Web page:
Another link shows how a professional artist could be liable to damages if infringers use his photos and conflict with his client’s interests – even if done without his knowledge & permission. That is the harm that can affect livelihoods

    photobusinessforum.blogspot.co.uk/2008/05/orphan-works-and-licensing-exclusivity.html

  • Rob Johns

    Also, you write, “The vast majority of copyright works are not orphans. Most of those that are, are older material where ownership records have been lost in the mists of time.”

    Crikey, you so wrong here. You’re naivety is almost childlike. The International Press Telecommunications Council has released a new study into the use of images by social media websites, finding that some of the most predominant ones, such as Facebook, Twitter and even Flickr routinely remove photographers’ metadata from the images they host. Now if a picture has lost it’s metadata upon upload and is shared and shared again and shared some more, it doesn’t take long for the work to become orphaned. Unless you can show somehow traceability of it’s creator somehow having lost it’s metadata.

    • benjamin

      We put a man on the moon Rob. I’m sure we can find a way to make a photo traceable (for those that care). Don’t you?

      • frp4914

        I wouldn’t imagine that there is much transferable knowledge between these two tasks. But the fundamental point is that it is easy to fail to trace a photo if the overwhelming incentive is to avoid finding it. How much time and effort would you spend on doing something for which you would derive far more benefit in not doing it?

  • ConorM

    I’ve stopped half way through your ramble because a simple fact you have not changed. You don’t need to allow orphan works to be used. It isn’t necessary. You seem to assume that there will be no abuse of this system. The massive problem with this suggested new bill is that there are not sufficient penalties or deterrents for misuse. Put simply it is too easy to abuse and to , using your analogy, claim ‘What me guv’nor? I never. I found that watch on the street. Its mine” well if you think there are no criminals then the watch may have been found on the street but the potential for abuse is too great.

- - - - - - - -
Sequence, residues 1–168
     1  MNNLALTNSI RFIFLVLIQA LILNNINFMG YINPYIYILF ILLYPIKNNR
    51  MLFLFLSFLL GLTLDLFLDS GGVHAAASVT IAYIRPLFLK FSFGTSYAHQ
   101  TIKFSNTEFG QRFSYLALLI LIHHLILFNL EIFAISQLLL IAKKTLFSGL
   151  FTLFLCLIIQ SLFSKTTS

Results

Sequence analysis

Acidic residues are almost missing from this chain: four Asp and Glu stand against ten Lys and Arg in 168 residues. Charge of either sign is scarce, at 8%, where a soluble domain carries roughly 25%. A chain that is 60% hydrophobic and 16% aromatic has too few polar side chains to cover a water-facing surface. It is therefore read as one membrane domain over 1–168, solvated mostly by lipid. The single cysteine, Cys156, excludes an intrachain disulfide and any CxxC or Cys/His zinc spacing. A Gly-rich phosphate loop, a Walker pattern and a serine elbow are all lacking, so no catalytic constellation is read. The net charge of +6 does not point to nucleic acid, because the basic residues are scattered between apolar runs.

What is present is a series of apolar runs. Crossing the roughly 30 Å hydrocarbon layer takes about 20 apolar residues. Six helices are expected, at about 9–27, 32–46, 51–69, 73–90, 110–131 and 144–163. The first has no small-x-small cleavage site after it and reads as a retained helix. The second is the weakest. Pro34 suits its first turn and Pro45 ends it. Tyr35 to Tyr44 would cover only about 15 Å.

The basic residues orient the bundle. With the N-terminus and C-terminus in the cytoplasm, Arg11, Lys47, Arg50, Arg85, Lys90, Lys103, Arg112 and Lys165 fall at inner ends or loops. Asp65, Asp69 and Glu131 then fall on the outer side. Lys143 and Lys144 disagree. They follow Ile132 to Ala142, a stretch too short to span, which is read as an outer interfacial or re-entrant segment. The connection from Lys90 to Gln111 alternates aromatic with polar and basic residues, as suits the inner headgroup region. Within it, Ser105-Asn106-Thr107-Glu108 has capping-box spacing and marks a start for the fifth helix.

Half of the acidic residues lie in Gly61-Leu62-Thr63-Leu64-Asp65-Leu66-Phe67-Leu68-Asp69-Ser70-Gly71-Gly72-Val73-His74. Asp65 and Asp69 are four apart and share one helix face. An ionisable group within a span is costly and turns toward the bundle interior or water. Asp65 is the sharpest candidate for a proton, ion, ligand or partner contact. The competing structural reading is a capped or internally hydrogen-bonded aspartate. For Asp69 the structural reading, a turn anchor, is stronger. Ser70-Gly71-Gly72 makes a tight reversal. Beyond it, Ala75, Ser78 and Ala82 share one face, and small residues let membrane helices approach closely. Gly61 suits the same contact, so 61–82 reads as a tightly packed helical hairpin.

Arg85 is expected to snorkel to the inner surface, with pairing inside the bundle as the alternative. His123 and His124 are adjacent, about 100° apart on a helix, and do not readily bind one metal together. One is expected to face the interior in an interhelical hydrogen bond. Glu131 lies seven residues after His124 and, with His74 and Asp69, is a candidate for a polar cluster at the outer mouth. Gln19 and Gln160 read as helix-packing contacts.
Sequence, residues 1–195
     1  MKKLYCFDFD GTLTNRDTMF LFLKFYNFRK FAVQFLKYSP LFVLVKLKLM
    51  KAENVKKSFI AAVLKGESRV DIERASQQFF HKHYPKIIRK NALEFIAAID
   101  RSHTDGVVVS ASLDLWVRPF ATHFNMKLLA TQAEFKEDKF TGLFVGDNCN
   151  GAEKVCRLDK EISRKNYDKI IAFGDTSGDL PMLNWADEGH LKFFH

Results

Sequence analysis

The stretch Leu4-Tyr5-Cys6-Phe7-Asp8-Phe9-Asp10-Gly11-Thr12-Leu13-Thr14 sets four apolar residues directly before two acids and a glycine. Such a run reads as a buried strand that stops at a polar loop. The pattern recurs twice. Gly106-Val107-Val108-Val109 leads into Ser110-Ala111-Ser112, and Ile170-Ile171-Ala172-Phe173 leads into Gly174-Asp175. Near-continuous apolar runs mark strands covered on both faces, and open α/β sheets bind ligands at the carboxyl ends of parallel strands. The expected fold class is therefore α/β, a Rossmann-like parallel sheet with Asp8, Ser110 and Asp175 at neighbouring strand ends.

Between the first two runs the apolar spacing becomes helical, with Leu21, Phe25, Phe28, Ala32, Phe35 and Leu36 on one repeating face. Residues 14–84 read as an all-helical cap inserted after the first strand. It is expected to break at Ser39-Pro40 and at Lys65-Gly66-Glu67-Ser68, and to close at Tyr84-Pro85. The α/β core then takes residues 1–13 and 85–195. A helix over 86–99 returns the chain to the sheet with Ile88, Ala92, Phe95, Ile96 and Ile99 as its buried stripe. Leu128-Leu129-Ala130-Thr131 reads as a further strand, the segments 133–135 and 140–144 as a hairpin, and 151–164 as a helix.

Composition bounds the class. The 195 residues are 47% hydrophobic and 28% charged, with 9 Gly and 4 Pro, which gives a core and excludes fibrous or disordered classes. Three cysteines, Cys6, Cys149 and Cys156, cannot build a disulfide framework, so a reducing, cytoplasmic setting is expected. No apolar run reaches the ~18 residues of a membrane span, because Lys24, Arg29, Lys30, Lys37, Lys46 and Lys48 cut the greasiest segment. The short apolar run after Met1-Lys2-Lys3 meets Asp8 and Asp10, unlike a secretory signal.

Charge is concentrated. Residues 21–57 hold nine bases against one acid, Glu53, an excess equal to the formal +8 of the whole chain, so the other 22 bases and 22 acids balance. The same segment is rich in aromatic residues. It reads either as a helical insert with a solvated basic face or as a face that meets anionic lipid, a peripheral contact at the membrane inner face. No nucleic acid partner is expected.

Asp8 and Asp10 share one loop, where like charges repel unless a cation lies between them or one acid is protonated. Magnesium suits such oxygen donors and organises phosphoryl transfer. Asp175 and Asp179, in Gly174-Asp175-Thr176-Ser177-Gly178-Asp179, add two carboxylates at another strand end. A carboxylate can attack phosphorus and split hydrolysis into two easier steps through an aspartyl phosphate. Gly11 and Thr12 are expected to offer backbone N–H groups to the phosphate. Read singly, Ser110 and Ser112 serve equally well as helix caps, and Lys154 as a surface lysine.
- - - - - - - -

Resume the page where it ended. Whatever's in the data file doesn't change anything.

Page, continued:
I repeat, there is no need for this legislation. As you correctly point out there are vast quantities of copyrighted images available for use in the world. If image use is required ask for permission from the copyright holder. If you cant find the copyright holder then move on. You know someone owns it. Innocence is not an excuse in the eye of the law but, with this bill, the penalty you risk is probably worth it.

    It doesnt get any simpler than that.

  • Rob Johns

    You write, “Yes, it’s true that the copyright owner will probably get no benefit from the exploitation of his work. But then, he wouldn’t have got any from the non-exploitation of it either.”

    And that is his or her right, it does not mean to say that someone else should have the right to exploit it. Often pictures are personal and not everything is fair game for commercial exploitation.

  • Rob Johns

    You write, “While you’re there, though, have a look around the site. Try to find out who owns and runs the site. It’s surprisingly difficult. No names are mentioned, just the fact that the site is run by “a handful of activists“.”

    Do you have anything against activists, you keep mentioning that word rather a lot. Are you trying to paint a certain picture about people concerned about maintaining their intellectual property?

    • MarkSG